"Fifty five years on from the Cuban Missile crisis, the 21st Century seems to be sliding into a new moment of nuclear emergency, as the US and North Korean hostile rhetoric is played purely out in terms of nuclear threats"
Offensive Realist International Relations thinker John J. Mearsheimer emphasized that the most frightening moment of the 20th century was the 1962 Cuban missile crisis. Unless one is an ardent fan of cold war history, the gravity of the stand off between American and Soviet navies in 1962 is incomprehensible.
The US Navy set up a surface quarantine line 500 miles from Cuba with a panoply of naval assets including an aircraft carrier, two cruisers, 22 destroyers and two guided missile frigates to block the approaching Soviet armada on October 24, 1962 carrying nuclear weapons to be positioned in Soviet silos that were built in Cuba.
This tense blockade according to Mearsheimer was the most dangerous moment that could have triggered a nuclear war in the 20th Century.
Currently nine states that are in possession of nuclear weapons namely United States, Russia, United Kingdom, India, France, North Korea, Pakistan and Israel. They cumulatively hold an estimated 15,000 nuclear war heads that could be delivered through an array of missile systems mounted on sea, air and land platforms. The Nuclear Non-Proliferation Treaty (NPT) was signed to prevent the expansion of nuclear weapons programs beyond the original five countries which had a programme in 1970.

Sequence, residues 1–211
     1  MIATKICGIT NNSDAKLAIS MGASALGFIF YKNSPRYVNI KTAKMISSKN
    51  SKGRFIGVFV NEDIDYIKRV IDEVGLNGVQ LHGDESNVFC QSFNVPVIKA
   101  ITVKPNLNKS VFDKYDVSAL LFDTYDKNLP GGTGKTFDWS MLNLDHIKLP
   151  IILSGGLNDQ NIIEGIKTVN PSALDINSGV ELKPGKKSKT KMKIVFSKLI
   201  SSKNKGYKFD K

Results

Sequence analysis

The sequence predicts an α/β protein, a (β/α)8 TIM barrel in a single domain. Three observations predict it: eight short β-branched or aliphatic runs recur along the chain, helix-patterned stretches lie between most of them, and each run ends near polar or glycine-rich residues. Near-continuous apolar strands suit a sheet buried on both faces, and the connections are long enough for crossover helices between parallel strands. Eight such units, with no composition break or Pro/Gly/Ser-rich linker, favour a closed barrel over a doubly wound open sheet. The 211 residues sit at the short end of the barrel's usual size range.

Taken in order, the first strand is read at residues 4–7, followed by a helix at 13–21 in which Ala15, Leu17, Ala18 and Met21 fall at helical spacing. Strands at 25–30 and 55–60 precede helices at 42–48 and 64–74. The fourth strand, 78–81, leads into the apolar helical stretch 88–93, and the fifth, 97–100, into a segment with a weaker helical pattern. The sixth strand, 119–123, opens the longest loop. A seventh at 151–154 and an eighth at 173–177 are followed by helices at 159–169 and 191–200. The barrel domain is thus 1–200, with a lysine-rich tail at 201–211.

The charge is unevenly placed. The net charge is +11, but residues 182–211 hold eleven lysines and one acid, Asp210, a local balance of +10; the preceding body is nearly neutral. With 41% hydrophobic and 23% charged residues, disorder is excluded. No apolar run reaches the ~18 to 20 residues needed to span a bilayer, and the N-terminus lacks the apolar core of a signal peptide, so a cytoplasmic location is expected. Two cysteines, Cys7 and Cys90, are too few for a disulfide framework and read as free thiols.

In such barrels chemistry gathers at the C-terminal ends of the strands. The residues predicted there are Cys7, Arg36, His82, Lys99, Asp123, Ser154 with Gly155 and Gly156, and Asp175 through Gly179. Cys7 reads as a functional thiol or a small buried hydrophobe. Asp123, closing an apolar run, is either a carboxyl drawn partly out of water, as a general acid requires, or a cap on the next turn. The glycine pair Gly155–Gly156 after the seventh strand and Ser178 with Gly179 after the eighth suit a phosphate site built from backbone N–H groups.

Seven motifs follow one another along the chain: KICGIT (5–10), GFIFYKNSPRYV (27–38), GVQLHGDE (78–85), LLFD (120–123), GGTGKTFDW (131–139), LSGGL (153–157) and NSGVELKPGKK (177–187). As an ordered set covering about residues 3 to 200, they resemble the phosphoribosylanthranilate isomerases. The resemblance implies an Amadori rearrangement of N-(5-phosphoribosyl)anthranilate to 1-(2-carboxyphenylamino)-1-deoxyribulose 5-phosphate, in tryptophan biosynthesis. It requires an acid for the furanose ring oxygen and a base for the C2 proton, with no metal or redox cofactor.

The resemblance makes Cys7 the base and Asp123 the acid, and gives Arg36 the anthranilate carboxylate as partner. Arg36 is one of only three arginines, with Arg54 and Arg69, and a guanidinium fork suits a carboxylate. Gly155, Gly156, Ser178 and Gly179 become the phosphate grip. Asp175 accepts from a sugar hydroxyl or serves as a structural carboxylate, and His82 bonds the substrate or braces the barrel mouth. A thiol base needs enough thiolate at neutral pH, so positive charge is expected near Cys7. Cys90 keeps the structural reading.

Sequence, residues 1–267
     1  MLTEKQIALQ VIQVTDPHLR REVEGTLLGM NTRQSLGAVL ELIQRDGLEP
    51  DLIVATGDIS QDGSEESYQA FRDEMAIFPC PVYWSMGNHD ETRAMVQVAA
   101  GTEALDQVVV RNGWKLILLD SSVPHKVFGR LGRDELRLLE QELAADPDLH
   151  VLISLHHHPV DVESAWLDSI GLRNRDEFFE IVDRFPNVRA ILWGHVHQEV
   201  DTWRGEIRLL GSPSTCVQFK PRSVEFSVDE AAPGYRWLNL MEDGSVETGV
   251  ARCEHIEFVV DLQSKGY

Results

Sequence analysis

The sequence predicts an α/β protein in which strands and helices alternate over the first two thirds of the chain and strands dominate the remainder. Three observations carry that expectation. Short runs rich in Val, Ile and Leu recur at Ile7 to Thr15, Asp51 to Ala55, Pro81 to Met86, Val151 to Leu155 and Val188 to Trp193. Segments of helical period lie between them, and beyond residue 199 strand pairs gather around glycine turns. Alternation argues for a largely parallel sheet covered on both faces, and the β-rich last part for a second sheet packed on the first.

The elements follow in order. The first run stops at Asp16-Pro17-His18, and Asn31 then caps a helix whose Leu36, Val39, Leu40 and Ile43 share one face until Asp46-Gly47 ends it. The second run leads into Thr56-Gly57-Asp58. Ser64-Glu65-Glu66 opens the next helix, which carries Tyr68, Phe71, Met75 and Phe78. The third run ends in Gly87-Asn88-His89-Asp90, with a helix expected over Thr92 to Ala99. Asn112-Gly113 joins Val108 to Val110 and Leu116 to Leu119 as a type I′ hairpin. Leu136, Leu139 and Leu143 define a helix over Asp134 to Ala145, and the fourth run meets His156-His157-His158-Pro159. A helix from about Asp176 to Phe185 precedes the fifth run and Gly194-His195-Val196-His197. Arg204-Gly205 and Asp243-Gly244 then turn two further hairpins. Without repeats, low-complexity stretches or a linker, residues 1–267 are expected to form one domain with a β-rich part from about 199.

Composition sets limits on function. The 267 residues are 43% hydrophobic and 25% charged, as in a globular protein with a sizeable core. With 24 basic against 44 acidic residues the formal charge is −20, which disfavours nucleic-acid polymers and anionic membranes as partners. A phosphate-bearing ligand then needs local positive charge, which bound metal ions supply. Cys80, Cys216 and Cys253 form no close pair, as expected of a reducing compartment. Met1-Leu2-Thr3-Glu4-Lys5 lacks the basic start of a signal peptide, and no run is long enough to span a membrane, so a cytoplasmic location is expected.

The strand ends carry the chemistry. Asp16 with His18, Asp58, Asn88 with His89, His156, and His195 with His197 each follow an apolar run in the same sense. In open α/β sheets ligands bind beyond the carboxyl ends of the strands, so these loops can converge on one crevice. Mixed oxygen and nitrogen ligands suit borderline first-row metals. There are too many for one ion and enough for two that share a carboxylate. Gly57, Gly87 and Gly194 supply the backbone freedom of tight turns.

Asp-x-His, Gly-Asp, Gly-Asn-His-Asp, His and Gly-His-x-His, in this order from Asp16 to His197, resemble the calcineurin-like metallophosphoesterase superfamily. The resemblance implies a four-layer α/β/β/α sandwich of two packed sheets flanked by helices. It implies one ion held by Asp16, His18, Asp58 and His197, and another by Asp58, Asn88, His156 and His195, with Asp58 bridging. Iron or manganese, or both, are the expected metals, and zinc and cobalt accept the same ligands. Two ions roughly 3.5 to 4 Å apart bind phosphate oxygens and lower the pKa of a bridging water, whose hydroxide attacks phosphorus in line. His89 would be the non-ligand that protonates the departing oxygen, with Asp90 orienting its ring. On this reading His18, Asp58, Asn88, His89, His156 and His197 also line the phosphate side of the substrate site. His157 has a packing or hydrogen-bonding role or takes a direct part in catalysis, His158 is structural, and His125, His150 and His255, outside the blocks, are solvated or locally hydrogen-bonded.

The growing nuclear arsenal is in Asia, as nuclear weapons programmes are still ongoing and North Korea has demonstrated an accelerated interest in expanding its Nuclear Arsenal and a failure of the NPT. The NPT is a weak governance mechanism to dissuade the proliferation of nuclear weapons. A state may enter the treaty voluntary and any existing signatory can leave the treaty and face zero
repercussions or penalties.
Fifty five years on from the Cuban Missile crisis, the 21st Century seems to be sliding into a new moment of nuclear emergency, as the US and North Korean hostile rhetoric is played purely out in terms of nuclear threats.